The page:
Michela Alioto-Pier Ruled Ineligible By Court of Appeal
The city's Brett Favre-like quandary over whether Supervisor Michela Alioto-Pier is eligible to run for another term swerved once again today. The state court of appeal this afternoon overruled superior court Judge Peter Busch and sided with city attorney Dennis Herrera in declaring Alioto-Pier, the District 2 incumbent, ineligible.
Luke Thomas The city has shaken its Alioto-Pier Magic Eight Ball once more...
Alioto-Pier's husband, Tom Pier, told SF Weekly the supervisor plans to file a petition with the state supreme court by the end of Wednesday. Time is of the essence, as the department of elections hands off the ballot to the printer's office on Sept. 1.
The question of whether or not Alioto-Pier is eligible to serve again comes down to a parsing of legal arcana every bit as ponderous as Bill Clinton's famous utterance "That depends on what the meaning of the word 'is' is." But, this time, there's no subtext of clandestine Oval Office sex to spice things up. Here, as concisely as possible, is a summary of the legal battle this far:
Ever since Herrera opined in 2008 that Alioto-Pier was ineligible to run again, the D-2 supe has hinted at legal action. That lawsuit came in June. Here's the crux of it: Herrera applied the "rounding-up rule," which states that anyone appointed to serve two or more years of a four-year term has, in the eyes of the law, served a complete first term. Alioto-Pier saw things differently. After being appointed by newly elected Mayor Gavin Newsom to fill his seat, she served 10 months. Then she was elected to a two-year term. And then, in 2006, she won her "first" four-year term.
That's how Judge Busch saw things, too. But, today, a three-judge appeals panel sharply disagreed. In a 23-page ruling, the judges felt that Alioto-Pier's interpretation, "if accepted, would create an exception to the term limits provision that would swallow the rule, as it would give her the opportunity to serve almost three full terms instead of the two terms contemplated" by the city charter. "And it would ignore rounding up. This would be, in statutory interpretation language, an absurd result, which courts must try to avoid." The appeals court argues that the will of voters asked to decide on term limits measures - and, based on what they read in voter pamphlets - is ill-served by a legalistic argument that favors appointed candidates over elected ones.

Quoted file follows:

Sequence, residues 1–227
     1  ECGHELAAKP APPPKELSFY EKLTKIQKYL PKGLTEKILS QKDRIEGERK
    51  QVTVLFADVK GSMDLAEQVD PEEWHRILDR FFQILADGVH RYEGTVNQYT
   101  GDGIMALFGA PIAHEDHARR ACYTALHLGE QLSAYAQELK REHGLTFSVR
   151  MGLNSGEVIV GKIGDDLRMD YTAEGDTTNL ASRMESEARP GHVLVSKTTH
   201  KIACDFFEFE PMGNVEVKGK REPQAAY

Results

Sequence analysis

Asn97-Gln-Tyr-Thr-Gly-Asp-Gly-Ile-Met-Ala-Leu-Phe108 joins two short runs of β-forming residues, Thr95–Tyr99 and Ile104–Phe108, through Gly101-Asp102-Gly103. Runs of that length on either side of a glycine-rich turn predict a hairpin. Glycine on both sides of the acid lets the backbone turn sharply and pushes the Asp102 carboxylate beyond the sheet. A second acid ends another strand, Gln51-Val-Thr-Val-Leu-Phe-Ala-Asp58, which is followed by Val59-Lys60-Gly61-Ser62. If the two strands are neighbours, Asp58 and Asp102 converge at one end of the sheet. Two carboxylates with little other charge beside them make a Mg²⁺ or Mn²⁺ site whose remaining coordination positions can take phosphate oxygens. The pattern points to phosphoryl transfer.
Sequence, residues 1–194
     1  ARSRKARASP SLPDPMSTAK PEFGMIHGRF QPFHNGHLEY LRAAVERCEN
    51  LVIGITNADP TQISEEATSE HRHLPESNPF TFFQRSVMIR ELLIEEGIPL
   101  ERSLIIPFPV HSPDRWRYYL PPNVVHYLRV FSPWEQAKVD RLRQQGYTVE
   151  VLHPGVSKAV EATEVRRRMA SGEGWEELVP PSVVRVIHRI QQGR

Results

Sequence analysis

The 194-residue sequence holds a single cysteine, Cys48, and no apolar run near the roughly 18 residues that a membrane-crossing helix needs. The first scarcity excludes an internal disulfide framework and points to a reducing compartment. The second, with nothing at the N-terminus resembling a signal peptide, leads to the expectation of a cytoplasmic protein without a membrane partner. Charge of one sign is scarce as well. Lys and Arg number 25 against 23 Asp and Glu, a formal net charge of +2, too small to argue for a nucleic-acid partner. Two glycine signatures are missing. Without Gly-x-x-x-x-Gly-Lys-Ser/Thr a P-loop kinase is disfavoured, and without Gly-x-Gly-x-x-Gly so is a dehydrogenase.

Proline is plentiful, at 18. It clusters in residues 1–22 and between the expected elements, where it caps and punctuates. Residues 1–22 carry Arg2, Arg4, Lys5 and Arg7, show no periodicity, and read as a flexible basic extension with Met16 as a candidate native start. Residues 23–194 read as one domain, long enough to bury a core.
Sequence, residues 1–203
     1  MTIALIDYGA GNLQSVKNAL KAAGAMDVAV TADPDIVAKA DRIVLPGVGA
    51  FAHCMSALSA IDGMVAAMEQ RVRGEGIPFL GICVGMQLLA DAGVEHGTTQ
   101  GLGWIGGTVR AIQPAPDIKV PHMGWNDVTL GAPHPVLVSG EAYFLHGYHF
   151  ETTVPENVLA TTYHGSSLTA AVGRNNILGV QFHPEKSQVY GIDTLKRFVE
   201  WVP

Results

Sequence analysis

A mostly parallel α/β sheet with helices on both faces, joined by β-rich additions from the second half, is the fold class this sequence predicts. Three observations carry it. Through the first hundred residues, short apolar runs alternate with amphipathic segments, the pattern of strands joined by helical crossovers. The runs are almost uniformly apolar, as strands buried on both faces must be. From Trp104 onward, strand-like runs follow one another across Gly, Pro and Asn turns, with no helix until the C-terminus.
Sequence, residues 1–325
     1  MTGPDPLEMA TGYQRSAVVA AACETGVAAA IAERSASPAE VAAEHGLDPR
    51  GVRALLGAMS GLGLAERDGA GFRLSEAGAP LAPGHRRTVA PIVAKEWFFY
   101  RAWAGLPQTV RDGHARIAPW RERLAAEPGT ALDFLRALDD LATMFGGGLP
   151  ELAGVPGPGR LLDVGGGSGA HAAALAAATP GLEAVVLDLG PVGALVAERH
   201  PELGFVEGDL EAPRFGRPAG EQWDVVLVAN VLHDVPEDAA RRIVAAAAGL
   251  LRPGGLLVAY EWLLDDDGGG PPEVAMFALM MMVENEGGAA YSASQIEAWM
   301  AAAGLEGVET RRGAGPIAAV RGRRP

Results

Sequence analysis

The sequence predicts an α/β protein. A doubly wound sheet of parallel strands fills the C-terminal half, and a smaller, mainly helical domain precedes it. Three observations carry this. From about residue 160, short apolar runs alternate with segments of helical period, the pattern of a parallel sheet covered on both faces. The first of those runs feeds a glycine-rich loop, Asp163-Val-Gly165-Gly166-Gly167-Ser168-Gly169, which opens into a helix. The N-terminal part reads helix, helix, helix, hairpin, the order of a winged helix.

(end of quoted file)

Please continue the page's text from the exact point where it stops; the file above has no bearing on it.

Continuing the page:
Jim Herd Dennis Herrera says this was the voters' will...
All along, Alioto-Pier has portrayed Herrera's relentless opposition to her candidacy as a political vendetta. She pointed out that, by highlighting the difference between two-year terms and four-year terms, a Herrera ruling allowed progressive Tom Ammiano to serve 14 years on the board. Others have pointed out Herrera's friendship with Clint Reilly - husband of Janet Reilly, who is vying to succeed Alioto-Pier. Today's ruling by the appeals court doesn't blow those arguments out of the water - but it does go to show that Herrera's legal opinion was not only legally defensible, but good enough to convince three appeals court judges and win a unanimous victory.
Janet Reilly, not surprisingly, welcomed today's ruling gleefully. In a nifty touch, she noted in a press release: "Let me be among the first to congratulate Michela for her seven years of public service.
"Now that we have clarity," she continues, "I am looking forward to continuing my door-to-door campaign to meet the voters od District Two."
Clarity is the one thing we don't have. Maybe next month.